10 Year anniversary of Harradine’s “I Cannot” GST speech

At 3:07 pm on Friday 14th May 1999, Senator Brian Harradine rose to address the Senate.

As with this week ten years later, it was just after a federal Budget had been delivered – Peter Costello’s third.  Unlike this week, discussion over the content of the Budget had been quickly subsumed by speculation over whether the GST – the defining issue of John Howard’s government at the time – would manage to pass the Senate.

The irony of the debate occurring in the Senate on the GST legislation in that week in May 1999 is that everyone assumed that the one person who wasn’t participating – Brian Harradine – was the one that would decide the fate of all that was before us.  As a small example, on this day 10 years ago, I had spoken thirteen times – mostly on housing related amendments, but also matters relating to the treatment of acupuncture, counselling and complementary medicine.  Brian Harradine not only did not speak, but also had not voted in any of the many Divisions that had been called on various amendments that had been moved during that stage of the debate.

The fact that the Senate was having a relatively rare Friday sitting in May to debate the GST legislation and a massive raft of amendments, shows the political and time imperatives the government attached to the issue.

I have particularly strong memories of that moment ten years ago.  Partly because I was the speaker immediately before Brian Harradine rose to his feet, and partly because of all the unforeseen and dramatic things that flowed on as direct consequence of what he said. 

Immediately preceding Brian Harradine’s speech, I was speaking to a Democrat amendment dealing with the application of the GST on residential aged care accommodation.

As I was doing so, I was struck by the sudden appearance of huge numbers of journalists from the Parliamentary Press Gallery in the viewing area reserved for them in the Senate.  This was particularly striking because even though the equivalent space in the House of Representatives fills up every day for the vaudeville of Question Time, it is a very rare day for more than two or three of them to appear in the Senate, even though the Senate sits just one floor directly below the offices the Press Gallery inhabit.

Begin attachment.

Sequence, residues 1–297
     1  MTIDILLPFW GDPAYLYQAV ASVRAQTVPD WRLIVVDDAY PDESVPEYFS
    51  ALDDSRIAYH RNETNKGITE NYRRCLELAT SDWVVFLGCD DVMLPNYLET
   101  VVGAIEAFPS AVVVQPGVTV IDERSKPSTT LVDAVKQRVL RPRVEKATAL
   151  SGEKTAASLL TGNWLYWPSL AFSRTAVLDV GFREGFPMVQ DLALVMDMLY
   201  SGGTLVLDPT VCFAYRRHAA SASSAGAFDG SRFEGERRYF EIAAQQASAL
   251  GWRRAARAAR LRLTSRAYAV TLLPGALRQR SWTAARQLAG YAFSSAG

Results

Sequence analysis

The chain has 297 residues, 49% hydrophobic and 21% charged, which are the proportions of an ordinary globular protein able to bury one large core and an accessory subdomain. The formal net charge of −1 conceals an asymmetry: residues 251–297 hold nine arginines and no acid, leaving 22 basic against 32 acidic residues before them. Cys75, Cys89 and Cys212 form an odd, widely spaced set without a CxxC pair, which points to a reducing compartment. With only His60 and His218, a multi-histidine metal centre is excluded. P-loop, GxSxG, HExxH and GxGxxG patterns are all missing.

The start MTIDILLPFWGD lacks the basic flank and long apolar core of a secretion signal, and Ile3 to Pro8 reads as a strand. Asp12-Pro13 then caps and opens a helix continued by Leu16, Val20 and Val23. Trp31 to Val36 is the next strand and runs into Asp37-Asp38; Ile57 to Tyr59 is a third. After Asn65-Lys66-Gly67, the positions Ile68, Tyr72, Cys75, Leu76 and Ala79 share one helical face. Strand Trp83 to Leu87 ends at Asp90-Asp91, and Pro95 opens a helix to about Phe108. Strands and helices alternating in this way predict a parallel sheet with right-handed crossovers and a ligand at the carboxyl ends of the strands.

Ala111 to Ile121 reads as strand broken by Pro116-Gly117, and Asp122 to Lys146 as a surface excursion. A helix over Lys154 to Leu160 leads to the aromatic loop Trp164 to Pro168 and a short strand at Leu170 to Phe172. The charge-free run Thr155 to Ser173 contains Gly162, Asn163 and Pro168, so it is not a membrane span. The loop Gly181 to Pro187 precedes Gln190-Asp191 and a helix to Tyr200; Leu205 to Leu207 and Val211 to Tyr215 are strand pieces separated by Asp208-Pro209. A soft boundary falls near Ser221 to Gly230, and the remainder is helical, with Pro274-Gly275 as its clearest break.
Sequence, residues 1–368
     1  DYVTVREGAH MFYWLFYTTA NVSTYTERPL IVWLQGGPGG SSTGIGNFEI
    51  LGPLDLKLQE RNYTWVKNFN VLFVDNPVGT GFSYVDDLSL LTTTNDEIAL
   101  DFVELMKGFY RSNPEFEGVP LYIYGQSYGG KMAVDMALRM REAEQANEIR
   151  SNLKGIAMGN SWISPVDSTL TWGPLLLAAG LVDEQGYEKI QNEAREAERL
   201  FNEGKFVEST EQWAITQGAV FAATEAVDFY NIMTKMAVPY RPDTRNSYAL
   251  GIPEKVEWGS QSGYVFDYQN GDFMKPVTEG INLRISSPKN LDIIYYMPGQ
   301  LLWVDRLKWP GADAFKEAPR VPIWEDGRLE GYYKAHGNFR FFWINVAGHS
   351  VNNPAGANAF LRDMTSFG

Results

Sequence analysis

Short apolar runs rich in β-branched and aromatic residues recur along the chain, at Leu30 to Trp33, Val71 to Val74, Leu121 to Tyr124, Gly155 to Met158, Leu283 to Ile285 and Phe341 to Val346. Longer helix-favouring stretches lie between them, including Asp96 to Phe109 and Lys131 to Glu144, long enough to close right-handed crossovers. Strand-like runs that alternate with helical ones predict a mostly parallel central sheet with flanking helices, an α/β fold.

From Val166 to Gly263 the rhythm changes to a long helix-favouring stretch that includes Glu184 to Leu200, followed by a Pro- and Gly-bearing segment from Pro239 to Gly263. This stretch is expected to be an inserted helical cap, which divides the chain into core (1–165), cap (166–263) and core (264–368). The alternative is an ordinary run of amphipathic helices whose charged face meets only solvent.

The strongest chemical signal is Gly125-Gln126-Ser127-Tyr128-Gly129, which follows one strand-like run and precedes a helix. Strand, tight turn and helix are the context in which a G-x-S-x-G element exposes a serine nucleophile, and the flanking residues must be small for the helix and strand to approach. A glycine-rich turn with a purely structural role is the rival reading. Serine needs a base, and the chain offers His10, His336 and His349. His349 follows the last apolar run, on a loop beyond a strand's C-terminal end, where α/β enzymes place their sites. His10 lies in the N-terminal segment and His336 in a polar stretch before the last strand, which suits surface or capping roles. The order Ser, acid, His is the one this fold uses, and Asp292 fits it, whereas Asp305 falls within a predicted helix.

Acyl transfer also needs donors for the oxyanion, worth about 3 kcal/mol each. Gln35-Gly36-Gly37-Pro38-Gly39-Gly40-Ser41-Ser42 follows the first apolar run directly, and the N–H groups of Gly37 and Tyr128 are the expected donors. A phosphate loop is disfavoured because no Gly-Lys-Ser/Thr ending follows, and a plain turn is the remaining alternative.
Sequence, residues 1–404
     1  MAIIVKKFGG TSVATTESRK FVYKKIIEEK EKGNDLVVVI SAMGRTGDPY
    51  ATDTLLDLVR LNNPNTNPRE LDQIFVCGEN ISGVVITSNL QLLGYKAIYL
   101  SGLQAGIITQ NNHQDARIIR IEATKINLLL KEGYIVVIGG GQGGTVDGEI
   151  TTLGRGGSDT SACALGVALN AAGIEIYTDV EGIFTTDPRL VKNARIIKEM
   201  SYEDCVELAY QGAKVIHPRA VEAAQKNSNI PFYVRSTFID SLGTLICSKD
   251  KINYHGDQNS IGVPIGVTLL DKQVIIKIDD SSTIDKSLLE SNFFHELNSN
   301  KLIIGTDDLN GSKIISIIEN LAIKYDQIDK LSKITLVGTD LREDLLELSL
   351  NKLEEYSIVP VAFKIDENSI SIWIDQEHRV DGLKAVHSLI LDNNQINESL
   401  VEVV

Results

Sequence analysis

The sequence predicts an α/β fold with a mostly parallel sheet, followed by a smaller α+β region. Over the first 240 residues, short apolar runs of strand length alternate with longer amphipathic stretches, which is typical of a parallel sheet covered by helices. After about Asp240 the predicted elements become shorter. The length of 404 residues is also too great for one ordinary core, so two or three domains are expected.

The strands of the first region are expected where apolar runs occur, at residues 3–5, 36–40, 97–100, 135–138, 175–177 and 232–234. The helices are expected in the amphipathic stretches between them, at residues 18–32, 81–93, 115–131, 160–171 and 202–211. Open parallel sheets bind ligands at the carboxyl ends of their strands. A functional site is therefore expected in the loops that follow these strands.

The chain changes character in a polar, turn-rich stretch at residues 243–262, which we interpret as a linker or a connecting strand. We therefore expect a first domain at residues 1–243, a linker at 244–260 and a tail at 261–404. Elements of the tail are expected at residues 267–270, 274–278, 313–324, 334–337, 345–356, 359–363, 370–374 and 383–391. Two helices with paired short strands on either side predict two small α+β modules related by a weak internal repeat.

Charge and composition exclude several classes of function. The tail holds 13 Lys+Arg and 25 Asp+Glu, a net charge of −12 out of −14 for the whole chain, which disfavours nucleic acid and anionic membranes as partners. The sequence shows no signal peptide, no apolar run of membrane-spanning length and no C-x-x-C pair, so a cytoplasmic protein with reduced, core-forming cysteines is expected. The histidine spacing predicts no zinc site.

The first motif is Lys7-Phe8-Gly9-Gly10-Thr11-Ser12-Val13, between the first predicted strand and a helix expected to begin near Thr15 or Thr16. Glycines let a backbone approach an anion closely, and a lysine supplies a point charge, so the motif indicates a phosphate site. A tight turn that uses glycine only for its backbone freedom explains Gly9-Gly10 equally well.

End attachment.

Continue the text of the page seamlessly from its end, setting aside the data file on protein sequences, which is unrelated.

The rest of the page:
To have thirty of them suddenly file in without warning as I was part way through my thirteenth speech for the day on a fairly technical (though of course extremely important to those affected) amendment  was somewhat unsettling. Eventually, even my notoriously dysfunctional political antenna sensed that perhaps they were anticipating something, so I diverted from my incisive arguments to say

“It is an important amendment that the Democrats have moved—sufficiently important, I note, for the press gallery to be suddenly filled with people, so it must be an important matter. I hope that, with the enhanced audience, Minister, you might be able to address the couple of questions I have raised in relation to your amendments.”

Whereupon Brian Harradine rose to speak.

Not only had the Press Gallery viewing area filled up, but so had the Senate chamber, as word had got around that Harradine was about to speak! Very few of those watching knew what he would be announcing, but everyone knew it would be significant.

Ever since the 1998 election, when John Howard had managed to be narrowly re-elected (despite receiving less than 50 per cent of the two party preferred vote), the major political issue was whether he would be able to get his GST (Goods & Services Tax) passed by the Senate.  The unpopularity of this tax had been a key reason why Howard had nearly achieved the rare feat of losing government after just one term, only 30 months after the deeply unpopular Paul Keating-led Labor government had been drummed out of office by a baseball bat wielding electorate.

Because those Senators elected in 1998 did not take office until 1 July 1999, Brian Harradine held the sole balance of power up until that time – a role he filled only due to the Mal Colston saga, (an extraordinary story in its own right, but one for another time).  On 1 July, the Democrats would have sole hold over the balance of power.

It was an almost universally assumed, including by everyone in the Democrats, that the stated positions of the Democrats and the government on the GST were much too far apart for there to be any prospect of an agreement being reached.  Brian Harradine was seen by all parties and all pundits as being the only plausible path for the GST to pass the Senate.  This was highlighted by the frequently repeated view that the government needed to get his agreement prior to July 1.

Certainly amongst the Democrats Senators and staff there had been almost universal assumption for months that Harradine would reach some sort of deal prior to July 1.  I had certainly often said so, and also heard it stated frequently by virtually everyone else I had contact with over the preceding months – sometimes with resignation, sometimes with contempt, sometimes with admiration and sometimes with anger, depending on who was speaking and perhaps what mood they were in at the time.

The fact that no one in the Howard government had approached anyone in the Democrats at all at any stage since the election the previous year also showed how confident the government that they would be able to reach an agreement with Harradine.

I have no way of knowing for sure, but if I had been able to take bets at the time I would be very confident that the vast majority of those present as Harradine rose to speak on that May afternoon ten years ago were expecting him to announce his willingness to support a GST in one form or another.